The D-Max, Isuzu’s second offering in the country, aims to offer something for barebones load carriers and lifestyle buyers
Japanese carmaker Isuzu has launched its second offering for our market – the D-Max pick-up truck. And the company has positioned it not just for the commercial segment but also for some private buyers. Isuzu believes pick-ups are well suited to our market, and not only in rural parts, but for a small number of city-based buyers as well.
There are two kinds of D-Max on sale – the 'flat deck', the more basic model with fewer features and a completely flat deck or bed at the back for better storage
and the 'arched deck' that is aimed at the lifestyle buyer. It's got external styling elements like a chrome grille (styled to look like a lion's teeth, incidentally), wing mirrors, body-coloured bumpers and door handles, and a cargo area that's fully integrated with the rest of the body. The arched deck version is available only as a 'space cab', which means that behind the two seats in the passenger compartment, there is a generous area to store stuff.
Though not as basic as the one in the flat deck version, the cabin still doesn't have a lot of frills. The basic dash design is shared with the MU-7 SUV, but it's all black and grey plastic, rather than faux wood and silver trim, and in place of the touchscreen, there is a single-DIN Kenwood audio system. However, the quality in this cabin is fantastic for the segment, with fit and finish that surpasses its local competition. The plastics feel hard wearing, but at the same time aren't rough around the edges. There are bottle holders in the doors and two cup-holders in the centre console, but neither is large enough to properly fulfil its purpose. There are also proper-sized cupholders in a console against the back wall of the cab.
This version gets power windows, central locking, steering rake adjust, air-conditioning, and a day-night rear-view mirror. There's no electric adjust for the wing mirrors, there's no ABS or airbags, and no seat height adjustment either. However, the driving position is really good. The fabric seats are a touch firm, but supportive and comfortable on a long drive.
The D-Max is powered by a 2.5-litre, four-cylinder common-rail diesel engine good for 134bhp and 29.97kgm. The company claims the D-Max is capable of covering over 1,000km on a single, 76-litre tank of diesel.
The engine roars to life and sounds a bit listless initially, but then smoothens out when you accelerate. The turbo lag lasts until about 2,100rpm and then the boost comes in quite cleanly. However, this being a pick-up, first and second gears are frustratingly short, but it's all in the interest of getting all your heavy cargo moving more easily from a standstill. Gears three to five are quite flexible, and with nothing weighing the deck down, overtaking in the D-Max was pretty effortless. The gearbox is a touch notchy, but nothing out of the ordinary for this segment.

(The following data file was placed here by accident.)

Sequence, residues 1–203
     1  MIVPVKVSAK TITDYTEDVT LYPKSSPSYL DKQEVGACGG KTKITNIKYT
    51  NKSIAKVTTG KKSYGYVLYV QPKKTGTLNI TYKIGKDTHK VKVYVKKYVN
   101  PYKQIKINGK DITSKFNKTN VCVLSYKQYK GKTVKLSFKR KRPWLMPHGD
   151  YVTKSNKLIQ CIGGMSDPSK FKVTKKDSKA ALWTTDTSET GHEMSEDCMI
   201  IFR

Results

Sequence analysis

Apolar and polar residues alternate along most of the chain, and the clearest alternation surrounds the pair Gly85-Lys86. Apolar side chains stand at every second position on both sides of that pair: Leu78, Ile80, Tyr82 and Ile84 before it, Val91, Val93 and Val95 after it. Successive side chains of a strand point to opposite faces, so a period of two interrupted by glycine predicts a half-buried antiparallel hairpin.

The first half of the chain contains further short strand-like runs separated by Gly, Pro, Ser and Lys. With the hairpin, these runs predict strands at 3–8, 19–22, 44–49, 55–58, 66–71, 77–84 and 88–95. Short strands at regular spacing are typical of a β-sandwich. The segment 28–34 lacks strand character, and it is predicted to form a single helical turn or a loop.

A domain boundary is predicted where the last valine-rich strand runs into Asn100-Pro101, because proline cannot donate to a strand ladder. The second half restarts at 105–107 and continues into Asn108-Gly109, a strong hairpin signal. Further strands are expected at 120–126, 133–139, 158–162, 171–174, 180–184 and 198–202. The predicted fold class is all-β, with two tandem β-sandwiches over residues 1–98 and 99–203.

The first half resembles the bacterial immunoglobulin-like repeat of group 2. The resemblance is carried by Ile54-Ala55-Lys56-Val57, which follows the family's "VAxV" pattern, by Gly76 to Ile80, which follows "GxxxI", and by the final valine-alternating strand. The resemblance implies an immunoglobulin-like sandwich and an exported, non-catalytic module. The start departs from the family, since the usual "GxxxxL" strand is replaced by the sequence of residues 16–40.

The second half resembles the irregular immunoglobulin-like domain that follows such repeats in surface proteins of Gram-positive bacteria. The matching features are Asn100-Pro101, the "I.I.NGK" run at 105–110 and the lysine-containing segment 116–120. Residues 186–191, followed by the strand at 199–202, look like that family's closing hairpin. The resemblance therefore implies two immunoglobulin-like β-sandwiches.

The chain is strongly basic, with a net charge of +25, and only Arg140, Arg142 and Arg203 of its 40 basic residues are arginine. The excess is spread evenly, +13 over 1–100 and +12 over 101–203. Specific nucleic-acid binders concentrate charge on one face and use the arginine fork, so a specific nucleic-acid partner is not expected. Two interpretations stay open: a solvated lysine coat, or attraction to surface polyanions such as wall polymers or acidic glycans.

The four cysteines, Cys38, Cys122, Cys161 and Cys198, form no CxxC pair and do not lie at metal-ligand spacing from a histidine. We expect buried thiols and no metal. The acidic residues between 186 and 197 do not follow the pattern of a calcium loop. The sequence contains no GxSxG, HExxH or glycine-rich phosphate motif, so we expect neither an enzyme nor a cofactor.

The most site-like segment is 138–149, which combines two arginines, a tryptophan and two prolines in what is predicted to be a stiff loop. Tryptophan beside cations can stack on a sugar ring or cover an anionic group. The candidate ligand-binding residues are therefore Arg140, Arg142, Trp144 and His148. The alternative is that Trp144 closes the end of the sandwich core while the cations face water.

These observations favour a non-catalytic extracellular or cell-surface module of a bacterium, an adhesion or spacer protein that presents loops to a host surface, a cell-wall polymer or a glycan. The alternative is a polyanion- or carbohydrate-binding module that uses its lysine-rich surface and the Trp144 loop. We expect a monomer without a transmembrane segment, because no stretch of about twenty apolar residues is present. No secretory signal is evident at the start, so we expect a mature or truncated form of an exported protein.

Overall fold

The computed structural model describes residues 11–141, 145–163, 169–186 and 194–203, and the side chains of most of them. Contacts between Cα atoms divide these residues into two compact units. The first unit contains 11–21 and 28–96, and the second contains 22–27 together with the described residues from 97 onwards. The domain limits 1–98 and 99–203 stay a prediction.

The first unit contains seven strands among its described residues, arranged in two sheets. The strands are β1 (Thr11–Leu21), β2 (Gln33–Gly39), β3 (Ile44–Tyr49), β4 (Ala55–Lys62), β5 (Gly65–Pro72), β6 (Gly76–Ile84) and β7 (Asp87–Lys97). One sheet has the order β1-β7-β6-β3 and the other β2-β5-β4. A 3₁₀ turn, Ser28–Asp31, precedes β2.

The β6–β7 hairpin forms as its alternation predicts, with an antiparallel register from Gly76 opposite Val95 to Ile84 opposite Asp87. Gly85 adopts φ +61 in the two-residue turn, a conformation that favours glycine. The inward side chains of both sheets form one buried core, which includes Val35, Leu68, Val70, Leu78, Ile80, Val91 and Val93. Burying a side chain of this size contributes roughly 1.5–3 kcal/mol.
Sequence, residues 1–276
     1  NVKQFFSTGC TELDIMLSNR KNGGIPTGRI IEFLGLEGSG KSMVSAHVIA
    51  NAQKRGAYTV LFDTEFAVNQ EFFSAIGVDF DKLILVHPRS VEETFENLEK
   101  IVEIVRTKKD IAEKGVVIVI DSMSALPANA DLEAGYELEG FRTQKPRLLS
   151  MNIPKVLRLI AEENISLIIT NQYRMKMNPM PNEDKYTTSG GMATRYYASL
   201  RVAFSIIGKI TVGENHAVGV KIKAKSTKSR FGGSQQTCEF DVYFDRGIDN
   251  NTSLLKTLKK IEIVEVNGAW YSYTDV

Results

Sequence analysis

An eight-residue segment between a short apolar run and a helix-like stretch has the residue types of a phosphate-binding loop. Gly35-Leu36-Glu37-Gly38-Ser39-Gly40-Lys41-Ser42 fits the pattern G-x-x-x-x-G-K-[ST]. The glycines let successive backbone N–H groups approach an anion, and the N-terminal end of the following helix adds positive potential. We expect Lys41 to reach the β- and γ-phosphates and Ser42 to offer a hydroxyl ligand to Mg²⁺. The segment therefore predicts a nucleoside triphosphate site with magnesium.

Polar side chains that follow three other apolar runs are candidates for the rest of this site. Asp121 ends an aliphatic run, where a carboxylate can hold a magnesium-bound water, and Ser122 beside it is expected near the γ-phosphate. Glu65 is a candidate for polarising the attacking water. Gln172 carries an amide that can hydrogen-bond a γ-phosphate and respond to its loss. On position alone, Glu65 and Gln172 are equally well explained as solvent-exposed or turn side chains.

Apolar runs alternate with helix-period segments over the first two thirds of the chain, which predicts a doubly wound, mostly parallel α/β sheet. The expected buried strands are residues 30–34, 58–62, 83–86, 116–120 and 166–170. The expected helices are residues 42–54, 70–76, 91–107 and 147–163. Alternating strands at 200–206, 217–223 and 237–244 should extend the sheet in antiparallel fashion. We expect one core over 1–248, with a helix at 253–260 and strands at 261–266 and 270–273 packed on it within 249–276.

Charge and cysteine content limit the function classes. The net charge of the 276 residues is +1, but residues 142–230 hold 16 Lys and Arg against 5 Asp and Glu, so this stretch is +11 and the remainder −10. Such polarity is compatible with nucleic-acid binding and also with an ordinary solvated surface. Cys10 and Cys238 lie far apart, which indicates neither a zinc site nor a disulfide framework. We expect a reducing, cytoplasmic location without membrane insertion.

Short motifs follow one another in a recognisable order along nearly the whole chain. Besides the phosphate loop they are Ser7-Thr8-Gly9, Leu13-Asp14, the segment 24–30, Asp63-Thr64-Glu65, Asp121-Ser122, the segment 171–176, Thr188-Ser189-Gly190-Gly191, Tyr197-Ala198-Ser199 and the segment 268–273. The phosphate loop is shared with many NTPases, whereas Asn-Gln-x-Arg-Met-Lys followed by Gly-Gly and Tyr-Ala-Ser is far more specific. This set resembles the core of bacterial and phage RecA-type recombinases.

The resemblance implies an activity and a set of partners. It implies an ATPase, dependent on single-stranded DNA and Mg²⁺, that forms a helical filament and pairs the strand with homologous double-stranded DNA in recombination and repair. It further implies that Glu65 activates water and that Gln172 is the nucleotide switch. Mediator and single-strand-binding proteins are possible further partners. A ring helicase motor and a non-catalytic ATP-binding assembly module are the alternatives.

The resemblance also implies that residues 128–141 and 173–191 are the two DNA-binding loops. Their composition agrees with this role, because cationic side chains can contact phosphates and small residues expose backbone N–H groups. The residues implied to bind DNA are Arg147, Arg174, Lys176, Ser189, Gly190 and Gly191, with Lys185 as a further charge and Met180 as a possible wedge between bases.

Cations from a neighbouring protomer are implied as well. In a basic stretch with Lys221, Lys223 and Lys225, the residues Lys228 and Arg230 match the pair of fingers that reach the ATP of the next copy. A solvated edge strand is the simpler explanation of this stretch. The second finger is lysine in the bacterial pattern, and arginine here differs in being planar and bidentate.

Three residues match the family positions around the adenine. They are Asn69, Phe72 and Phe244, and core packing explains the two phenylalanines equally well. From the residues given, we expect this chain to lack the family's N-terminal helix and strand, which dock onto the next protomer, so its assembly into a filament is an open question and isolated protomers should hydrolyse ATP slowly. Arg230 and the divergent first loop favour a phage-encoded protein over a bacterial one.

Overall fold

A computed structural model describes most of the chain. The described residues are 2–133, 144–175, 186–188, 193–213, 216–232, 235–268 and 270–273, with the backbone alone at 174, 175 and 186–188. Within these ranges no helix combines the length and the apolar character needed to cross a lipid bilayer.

The D-Max has leaf-spring rear suspension and when the rear deck is empty, the ride is very bouncy as the unladen rear end skips over every little bump. If the road is smooth, however, it does just fine, and high-speed stability in such conditions is good too.
With these two versions of the D-Max, Isuzu aims to tackle both the entry-level end of the pick-up spectrum, and the more lifestyle-oriented space. When it comes to the latter, it hasn't quite got all its bases covered though. The ride may be acceptable for commercial duties, but it won't go down so well with the businessman who wants a third car to use at his farmhouse.
The same goes for the cabin and equipment; a little bit of colour and some more features would not go amiss. The biggest problem, by far, is that the D-Max must be registered as a commercial vehicle, and therefore you need a CV license to drive it. It's a smart looking truck with a solid engine and great build quality, and given its strong reputation overseas, it's bound to handle utility duties well too. At Rs 7.09 lakh (ex-showroom, Mumbai) this arched cab version also undercuts its main rivals by a significant margin. But while it might be a hit with goods carriers, having to get an all-new license just to drive one is a big deterrent for private buyers.